Procyclical and Short-Term Risk Measurement

The Great Recession of 2008 showed that risk modeling can be so deeply flawed as to allow banking officials to overlook entrenched banking instability. D’Arista and Griffith-Jones (2009) point out that the value-at-risk measurement is procyclical, and additional, non-cyclical measures of risk must be used. The value-at- iisk (VaR) measurement provides the probability that an asset or bundle of assets will decline by a particular amount over a given time period. Capital requirements given by VaR are inherently procyclical, since banks experience more losses during recessions than during booms, decreasing the lending capacity of the institution. Dodd-Frank and Basel III mandated changes that require countercyclical capital requirements (Kowalik 2011). The Basel III changes designate a buffer of 0-2.5 percent above the minimum capital requirements, while Dodd-Frank also includes countercyclical capital requirements and requirements that holding companies assist subsidiaries of insured depository institutions.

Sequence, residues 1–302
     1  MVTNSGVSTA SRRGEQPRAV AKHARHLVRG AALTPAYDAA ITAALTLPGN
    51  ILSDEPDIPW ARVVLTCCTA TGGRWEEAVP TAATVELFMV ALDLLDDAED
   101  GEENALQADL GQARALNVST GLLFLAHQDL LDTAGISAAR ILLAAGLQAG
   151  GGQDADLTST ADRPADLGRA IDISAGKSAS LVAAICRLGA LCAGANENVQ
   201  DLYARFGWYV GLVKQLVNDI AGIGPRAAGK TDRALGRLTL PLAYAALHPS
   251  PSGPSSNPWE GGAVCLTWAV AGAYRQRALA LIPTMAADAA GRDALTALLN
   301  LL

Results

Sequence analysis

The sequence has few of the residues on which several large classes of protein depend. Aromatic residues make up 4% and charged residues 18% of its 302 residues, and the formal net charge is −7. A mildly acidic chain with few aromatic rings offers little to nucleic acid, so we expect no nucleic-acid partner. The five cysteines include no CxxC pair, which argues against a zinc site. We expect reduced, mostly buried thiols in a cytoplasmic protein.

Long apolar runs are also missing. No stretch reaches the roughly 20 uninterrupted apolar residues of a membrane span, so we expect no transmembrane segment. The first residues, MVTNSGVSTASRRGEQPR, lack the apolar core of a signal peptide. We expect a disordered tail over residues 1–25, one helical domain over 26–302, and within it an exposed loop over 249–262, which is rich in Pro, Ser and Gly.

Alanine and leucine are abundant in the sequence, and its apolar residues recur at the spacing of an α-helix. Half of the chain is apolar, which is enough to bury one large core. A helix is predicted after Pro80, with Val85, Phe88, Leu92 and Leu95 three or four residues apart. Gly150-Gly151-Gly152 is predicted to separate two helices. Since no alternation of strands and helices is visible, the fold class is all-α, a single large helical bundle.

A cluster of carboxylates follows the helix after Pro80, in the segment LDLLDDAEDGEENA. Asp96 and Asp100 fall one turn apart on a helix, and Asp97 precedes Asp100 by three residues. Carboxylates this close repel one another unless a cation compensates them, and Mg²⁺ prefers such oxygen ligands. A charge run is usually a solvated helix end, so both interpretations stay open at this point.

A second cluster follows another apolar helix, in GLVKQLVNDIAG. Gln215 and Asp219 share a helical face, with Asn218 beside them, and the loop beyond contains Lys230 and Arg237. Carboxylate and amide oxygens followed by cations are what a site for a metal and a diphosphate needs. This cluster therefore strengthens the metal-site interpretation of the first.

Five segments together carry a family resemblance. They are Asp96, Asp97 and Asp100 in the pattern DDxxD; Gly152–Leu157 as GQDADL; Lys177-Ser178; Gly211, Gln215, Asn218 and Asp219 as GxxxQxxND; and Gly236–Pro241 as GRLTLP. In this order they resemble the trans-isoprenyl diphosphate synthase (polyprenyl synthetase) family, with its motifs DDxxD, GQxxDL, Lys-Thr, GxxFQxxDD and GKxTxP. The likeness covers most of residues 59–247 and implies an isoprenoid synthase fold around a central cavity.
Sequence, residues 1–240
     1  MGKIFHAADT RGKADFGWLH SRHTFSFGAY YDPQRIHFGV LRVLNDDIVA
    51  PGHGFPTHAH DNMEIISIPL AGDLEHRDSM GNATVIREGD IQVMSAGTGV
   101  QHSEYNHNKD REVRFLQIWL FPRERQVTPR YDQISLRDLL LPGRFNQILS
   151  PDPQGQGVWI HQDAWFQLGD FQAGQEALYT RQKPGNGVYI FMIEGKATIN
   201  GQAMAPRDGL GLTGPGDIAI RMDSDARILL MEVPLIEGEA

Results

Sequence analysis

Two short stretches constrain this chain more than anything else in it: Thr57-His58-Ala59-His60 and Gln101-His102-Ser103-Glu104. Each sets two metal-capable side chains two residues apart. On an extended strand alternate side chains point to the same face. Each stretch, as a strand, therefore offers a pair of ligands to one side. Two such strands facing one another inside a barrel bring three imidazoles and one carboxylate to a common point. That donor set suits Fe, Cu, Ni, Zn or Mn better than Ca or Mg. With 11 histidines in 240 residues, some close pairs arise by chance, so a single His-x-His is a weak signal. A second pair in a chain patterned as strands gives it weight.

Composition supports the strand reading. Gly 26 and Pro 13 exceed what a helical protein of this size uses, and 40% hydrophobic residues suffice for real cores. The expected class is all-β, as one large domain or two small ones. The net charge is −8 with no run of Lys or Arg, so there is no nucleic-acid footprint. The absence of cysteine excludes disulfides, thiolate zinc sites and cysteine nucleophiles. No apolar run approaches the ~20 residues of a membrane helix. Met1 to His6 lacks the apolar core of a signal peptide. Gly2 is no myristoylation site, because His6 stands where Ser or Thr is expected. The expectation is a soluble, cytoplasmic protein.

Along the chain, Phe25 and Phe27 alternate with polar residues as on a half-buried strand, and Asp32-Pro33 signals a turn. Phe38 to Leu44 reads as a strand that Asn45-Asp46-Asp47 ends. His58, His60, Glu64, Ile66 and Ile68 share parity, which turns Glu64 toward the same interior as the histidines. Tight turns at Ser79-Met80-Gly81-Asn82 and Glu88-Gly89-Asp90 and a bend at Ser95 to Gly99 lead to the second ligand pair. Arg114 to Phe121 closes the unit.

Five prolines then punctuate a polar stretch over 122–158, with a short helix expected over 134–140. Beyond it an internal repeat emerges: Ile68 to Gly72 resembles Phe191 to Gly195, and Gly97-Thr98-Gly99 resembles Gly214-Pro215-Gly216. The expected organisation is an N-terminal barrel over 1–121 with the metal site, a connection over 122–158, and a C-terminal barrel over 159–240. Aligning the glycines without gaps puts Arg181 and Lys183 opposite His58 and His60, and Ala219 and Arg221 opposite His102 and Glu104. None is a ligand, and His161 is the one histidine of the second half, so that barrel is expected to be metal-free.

These are the major aspects of the current global financial architecture. As noted above, many changes within the world economic structure still need to be made, yet regulatory and institutional change has been ongoing. It will become apparent that institutional change in the face of financial instability is the only consistent feature of the global financial architecture.

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